The Walkerville Arts Centre is one step closer to becoming a reality

The old Monarch Mattress building in Walkerville used by arts groups on an ad hoc basis since the store closed up a few years ago. The new owner's goal is to turn it into a full fledged Walkerville Arts Centre.

City of Windsor standing committee recommends the project receive a grant

The old Monarch Mattress building on Wyandotte Street E. is intended to become the Walkerville Arts Centre. (Katerina Georgieva/CBC)

The old Monarch Mattress building in Walkerville used on an ad hoc basis since the store closed up a few years ago, but owner Mary Lambros wants to turn it into a full fledged arts centre.

Lambros also owns Olde Walkerville Theatre. She has been working with theatre project manager Jonathan Renaud on this transformation.

The project has been several years in the making — and thanks to a recommendation from the Development & Heritage Standing Committee on Monday night, it's another step closer to completion.

The committee recommended the project be allowed to participate in the Small Business Investment Grant Program under the city's Economic Revitalization Community Improvement Plan (CIP).

"We're super excited about it," Renaud said.

"It's been four years since we've had this building, so 2015. So we're excited to finally start getting the ball rolling and eventually see this project through."

The grant recommendation still requires city council approval. 

'We need more amenities'

The project plan includes a 100-seat theatre, three retail spaces, two apartments, an internet cafe, a lobby and an office space, Renaud explained. 

He said the retail spaces will be affordable for artists starting out, or for small start-ups. The goal of the small theatre is to make it accessible and affordable for artists who are also just starting out.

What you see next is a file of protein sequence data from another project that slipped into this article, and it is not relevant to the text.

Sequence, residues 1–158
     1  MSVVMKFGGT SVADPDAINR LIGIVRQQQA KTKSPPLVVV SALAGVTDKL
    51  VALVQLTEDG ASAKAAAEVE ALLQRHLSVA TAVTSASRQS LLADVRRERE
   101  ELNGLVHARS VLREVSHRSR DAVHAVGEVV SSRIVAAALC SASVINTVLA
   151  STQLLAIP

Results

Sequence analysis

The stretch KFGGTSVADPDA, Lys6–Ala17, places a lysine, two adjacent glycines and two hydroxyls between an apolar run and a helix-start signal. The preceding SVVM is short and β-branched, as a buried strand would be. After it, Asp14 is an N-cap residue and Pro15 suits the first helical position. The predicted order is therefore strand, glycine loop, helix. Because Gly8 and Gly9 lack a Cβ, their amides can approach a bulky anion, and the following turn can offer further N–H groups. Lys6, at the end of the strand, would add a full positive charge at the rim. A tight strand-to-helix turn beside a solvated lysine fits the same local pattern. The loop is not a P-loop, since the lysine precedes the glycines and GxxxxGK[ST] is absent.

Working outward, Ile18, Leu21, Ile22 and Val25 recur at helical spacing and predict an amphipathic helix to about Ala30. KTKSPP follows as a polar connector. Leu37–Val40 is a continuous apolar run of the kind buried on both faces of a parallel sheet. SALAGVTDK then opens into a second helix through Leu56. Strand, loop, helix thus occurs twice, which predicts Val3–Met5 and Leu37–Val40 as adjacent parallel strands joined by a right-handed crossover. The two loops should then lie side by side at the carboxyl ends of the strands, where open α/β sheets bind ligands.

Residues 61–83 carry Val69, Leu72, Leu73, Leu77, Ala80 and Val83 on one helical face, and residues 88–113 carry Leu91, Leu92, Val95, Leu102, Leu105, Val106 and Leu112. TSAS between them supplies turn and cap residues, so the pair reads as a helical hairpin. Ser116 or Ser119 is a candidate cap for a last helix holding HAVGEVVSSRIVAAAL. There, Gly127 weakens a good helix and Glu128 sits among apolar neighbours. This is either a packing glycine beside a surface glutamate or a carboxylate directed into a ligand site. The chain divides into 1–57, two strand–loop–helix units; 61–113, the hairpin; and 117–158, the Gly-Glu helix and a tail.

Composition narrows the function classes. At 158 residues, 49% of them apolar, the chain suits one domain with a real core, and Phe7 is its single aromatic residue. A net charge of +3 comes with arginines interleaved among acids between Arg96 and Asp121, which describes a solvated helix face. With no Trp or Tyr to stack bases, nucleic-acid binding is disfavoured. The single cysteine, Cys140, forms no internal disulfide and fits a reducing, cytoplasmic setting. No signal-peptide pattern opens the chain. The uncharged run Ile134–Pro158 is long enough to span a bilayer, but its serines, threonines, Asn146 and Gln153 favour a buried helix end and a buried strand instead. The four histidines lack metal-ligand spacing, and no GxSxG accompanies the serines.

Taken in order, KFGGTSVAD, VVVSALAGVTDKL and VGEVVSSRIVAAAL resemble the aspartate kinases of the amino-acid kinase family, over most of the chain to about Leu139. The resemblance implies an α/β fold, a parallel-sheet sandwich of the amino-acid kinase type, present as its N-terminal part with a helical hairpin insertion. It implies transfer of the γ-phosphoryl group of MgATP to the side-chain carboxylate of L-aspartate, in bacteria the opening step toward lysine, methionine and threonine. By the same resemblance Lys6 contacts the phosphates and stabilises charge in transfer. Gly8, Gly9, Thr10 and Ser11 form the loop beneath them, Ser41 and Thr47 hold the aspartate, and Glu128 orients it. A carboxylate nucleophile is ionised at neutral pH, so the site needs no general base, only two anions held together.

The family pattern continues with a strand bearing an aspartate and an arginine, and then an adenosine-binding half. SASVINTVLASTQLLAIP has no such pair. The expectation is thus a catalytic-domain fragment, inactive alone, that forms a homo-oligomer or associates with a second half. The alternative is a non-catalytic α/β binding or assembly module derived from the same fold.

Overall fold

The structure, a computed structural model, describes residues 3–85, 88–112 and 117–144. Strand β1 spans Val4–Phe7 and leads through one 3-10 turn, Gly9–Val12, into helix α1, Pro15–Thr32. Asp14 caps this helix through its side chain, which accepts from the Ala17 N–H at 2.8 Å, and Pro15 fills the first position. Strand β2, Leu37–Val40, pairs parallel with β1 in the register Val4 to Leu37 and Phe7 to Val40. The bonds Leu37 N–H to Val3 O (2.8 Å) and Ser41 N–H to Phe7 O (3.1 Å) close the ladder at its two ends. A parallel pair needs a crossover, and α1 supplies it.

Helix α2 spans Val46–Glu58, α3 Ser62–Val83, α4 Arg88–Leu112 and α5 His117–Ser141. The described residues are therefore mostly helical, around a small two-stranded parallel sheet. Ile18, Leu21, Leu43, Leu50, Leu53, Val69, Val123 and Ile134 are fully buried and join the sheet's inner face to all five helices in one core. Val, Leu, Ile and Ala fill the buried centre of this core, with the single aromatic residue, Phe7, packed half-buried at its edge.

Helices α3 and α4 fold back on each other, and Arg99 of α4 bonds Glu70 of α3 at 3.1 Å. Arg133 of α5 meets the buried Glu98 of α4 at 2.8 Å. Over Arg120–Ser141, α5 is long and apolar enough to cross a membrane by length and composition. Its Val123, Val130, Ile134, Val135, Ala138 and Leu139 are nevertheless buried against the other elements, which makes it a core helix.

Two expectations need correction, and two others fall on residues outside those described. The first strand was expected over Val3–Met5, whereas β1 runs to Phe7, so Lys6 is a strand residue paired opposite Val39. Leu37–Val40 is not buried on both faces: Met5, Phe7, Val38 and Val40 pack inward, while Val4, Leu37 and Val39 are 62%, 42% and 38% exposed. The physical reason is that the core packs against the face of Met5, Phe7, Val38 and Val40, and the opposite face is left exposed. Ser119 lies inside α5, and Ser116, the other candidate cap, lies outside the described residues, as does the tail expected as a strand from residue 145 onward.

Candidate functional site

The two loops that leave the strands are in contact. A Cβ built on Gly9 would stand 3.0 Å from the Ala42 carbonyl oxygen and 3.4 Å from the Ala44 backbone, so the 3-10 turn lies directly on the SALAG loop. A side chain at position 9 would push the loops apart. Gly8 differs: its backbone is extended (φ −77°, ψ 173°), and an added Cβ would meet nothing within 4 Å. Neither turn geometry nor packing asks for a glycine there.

Project manager Jonathan Renaud says he's excited to make the dream of Walkerville Arts Centre a reality. (Katerina Georgieva/CBC)

Ward 4 Coun. Chris Holt said the project should bring a lot to the neighbourhood.

"We need more amenities in the neighbourhood that people want to come and visit," he said.

"I give Mary a lot of credit. She's got a lot of ideas that only build on the success of Walkerville."

Renaud said it's been challenging getting the centre up off the ground, because they've been trying to do it with as little funding as possible. But with the grant, it will hopefully help "make the whole dream come true."

He explained that right now, they've been putting things together in phases. 

The goal is to have the theatre space up and running in May, in time for the Fringe Festival. 

Restoring the building

Renaud hopes to have the apartments and retail spaces ready by fall.

The goal is to restore the building to what it looked like when it used to be a pool hall in 1914, project manager Jonathan Renaud explains. (Katerina Georgieva/CBC)

The other goal is to rejuvenate the space back to its former glory, when it was a pool hall 100 years ago, Renaud said.

"We're hoping that this grant can help fund the facade, to restore the facade, the three individual-looking buildings and make it look like it did in 1914."

Ultimately, Renaud said they want the centre to become a cultural hub that supports local artists in Walkerville.

This grant they applied for would allow the project to receive an annual grant up to 10 years.

The funding would cover any increase in municipal tax levy resulting from a property assessment increase related to eligible use — in this case the performing arts facility. 

In about a month, city council will decide if it wants to approve this grant.


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